Welcome to My Parcel Box

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Welcome to My Parcel Box, a project I have been itching to finish for some years now. It all started when I brought my first product to market, called a Brizebox. There is no such thing as a perfect design, and everything can be improved upon, especially if it is the first iteration of a product. This is also true for Brizebox and the product rapidly evolved. Originally, I had only conceived a product with a door on the front of the unit. It wasn’t until someone in Australia asked me to produce them with the option of a door on the rear, that this evolution started to take place. Then, our stock levels doubled as we had units with doors on the front, and units with doors on the rear. I overcame this problem by coming up with the idea of a switchable door, which could be on the front or rear, combined with a blank panel to plug the opposing hole. So obvious once I had come to think of it, but it wasn’t so obvious before that point. This is how products evolve; slowly, and over time.

Another idea which came to me quite early on was to have a unit with a flat roof, which could be built into a wall. I had no idea how popular this concept would become, and it was a real eye-opener to see how keen people were to customise their parcel boxes to uniquely suit their property. Now, many sales came from people wanting a Built-In unit. However, the idea which surprised me the most was the Extra-Large parcel box. My original thought for designing a very large parcel box was more as a publicity stunt, than anything else. I thought people would laugh at such a large unit and would not want something that big outside their homes. I thought we may sell a few commercially to office buildings, but nothing more than that. I had so little faith in the concept that I didn’t even design a Built-In version because I thought I’d be wasting my time. Imagine my surprise when, not only did they start selling, but one day someone rang me and asked for an Extra-Large, Built-In version. I made a few in the next production run, and we were off! 70% of sales now came in for the Extra-Large parcel boxes!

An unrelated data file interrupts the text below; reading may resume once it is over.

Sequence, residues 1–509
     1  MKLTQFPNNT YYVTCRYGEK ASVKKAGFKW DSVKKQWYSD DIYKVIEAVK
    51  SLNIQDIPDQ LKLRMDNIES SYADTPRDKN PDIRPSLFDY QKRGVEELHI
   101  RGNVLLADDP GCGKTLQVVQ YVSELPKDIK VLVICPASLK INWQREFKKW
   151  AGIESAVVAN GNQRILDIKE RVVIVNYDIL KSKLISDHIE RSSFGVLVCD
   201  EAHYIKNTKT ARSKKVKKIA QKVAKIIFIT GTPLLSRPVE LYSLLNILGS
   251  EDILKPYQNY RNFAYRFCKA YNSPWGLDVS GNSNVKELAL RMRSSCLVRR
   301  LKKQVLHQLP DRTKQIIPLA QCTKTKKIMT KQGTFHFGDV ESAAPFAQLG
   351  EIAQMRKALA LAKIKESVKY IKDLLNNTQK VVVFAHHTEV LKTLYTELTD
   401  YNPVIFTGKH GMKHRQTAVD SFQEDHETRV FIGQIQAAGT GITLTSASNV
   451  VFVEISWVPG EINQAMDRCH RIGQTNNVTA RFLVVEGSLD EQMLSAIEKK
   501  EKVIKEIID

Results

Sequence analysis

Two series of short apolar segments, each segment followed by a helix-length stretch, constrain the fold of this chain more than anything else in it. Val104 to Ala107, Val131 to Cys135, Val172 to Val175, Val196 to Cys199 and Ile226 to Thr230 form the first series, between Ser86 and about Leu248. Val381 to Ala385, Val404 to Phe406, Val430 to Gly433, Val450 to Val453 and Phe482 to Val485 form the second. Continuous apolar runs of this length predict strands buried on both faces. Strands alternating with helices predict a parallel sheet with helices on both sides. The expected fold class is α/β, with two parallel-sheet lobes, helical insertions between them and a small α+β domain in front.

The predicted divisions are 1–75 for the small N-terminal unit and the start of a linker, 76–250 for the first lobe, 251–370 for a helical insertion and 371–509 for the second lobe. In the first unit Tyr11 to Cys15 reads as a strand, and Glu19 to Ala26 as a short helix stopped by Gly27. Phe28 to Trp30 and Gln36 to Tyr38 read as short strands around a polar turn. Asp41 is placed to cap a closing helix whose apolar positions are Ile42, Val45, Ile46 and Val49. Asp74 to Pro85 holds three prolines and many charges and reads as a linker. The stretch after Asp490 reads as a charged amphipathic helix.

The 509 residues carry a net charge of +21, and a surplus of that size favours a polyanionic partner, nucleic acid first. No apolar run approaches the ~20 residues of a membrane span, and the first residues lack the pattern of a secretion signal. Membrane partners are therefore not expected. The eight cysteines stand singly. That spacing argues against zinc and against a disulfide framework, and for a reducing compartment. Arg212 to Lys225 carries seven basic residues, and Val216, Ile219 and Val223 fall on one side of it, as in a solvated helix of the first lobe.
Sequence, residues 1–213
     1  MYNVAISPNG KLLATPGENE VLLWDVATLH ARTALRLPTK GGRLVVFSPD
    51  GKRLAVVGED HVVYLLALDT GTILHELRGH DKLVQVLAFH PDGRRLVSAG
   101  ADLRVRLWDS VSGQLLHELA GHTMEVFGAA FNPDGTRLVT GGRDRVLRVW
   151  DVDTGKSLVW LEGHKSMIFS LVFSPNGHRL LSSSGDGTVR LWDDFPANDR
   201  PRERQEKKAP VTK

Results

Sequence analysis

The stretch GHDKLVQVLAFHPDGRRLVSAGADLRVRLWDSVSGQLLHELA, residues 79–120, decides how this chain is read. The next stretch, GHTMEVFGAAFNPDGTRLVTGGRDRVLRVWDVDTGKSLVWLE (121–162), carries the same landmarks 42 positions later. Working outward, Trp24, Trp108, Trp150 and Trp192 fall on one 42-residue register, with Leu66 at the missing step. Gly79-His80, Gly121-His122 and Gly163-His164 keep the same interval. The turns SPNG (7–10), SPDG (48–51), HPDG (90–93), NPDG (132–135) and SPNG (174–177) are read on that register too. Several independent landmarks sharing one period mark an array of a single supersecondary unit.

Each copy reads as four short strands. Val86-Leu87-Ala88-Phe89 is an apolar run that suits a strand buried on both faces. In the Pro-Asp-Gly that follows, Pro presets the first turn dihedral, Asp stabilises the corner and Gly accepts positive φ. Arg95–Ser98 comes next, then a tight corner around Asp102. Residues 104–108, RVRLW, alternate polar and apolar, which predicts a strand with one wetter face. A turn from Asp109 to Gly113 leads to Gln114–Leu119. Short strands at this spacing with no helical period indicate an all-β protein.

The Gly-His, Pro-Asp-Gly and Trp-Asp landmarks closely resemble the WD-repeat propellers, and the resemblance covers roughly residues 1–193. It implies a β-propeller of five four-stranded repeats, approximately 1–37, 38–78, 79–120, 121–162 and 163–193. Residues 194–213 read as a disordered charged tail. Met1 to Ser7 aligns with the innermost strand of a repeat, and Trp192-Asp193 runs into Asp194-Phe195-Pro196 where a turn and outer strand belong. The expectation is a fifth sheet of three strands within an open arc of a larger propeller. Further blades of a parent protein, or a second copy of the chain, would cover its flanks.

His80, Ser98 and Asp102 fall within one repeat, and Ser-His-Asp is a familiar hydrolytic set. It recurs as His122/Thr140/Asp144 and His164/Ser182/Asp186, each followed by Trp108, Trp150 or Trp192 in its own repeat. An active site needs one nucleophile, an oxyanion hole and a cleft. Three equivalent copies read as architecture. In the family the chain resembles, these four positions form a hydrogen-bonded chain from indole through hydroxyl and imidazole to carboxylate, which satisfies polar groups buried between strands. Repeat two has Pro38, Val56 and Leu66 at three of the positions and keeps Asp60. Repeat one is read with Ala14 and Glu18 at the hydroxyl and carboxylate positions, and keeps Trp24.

However, the Brizebox product was still not right and there were aspects of the design which were holding us back. There were three main problems which irked me.

The first problem was the way Brizebox was designed with a curved roof. Being a curved roof, it had to be welded in place, and this is a slow labour-intensive process. I wanted a product which could easily be mass-produced, and this was never going to happen with so much welding. Additionally, welding is harmful, not only for the environment, but also for the operator. This had to change.

  • To avoid welding, we simply used pop-rivets instead. It did mean we could no longer use a curved roof, but we think our pitched roof looks great, and is a breath of fresh air.

This led onto the second problem, which is rust. Brizeboxes are made of galvanised steel, but where the product is welded, the weld must be ground down to give a smooth finish, which removes the galvanised coating and exposes the mild steel underneath, which is vulnerable to corrosion. I was never happy to put my name to a product which may start to rust within a couple of years. I wanted a product which would last a long time, and one I could be proud of. This had to change too.

  • The rusting issue was easily resolved by doing away with galvanised steel and using Aluzinc instead. Aluzinc is the material used for metal roofs, such as on farm buildings and warehouses etc. The reason it is used in these environments is because it is non-corrosive, so it allows roofs to stay in good repair for a very
    long time, without rusting, no matter what the weather. If it’s good enough for industrial roofs, why not for parcel boxes too?

The third problem was the success of the Extra-Large unit. The problem was, the Extra-Large unit was too big and heavy for a single courier to carry by themselves, so it had to be loaded onto a pallet and delivered by a freight forwarder. This is expensive. It gets even more expensive the further away the customer is. This prevented expansion. The cost to ship a unit from the UK to Europe was prohibitively expensive, so the European market was not available to us. This situation was amplified in the US. North America is a vast territory, ripe for the parcel box market, but its scale made it prohibitive for shipping Extra-Large parcel boxes around. If we wanted to grow, things had to change.

  • The solution was to design a modular system, which enabled us to split the parcel box in half. By splitting the unit in two, this halved the size and weight of the Extra-Large boxes, enabling them to be sent through the normal courier network, at a greatly reduced cost. Simple, but genius! The modular design led onto other clever ideas being hatched. One of these ideas was to flat pack the lower section of the parcel box. By implementing flat packing, we were able to fit 50% more units into a container, as well as reducing warehouse costs. Two birds with one stone! Other strokes of genius were to have modular roofs i.e., the flat-roof, garden-roof and pitched-roof, and the addition of Pickup boxes and Cool boxes. The Pickup box and Cool box had not been done before, but all great innovations must start somewhere. We just planted the seed, to see whether it would grow.

Thank you for reading. More instalments coming along very soon!

Brian Willcox.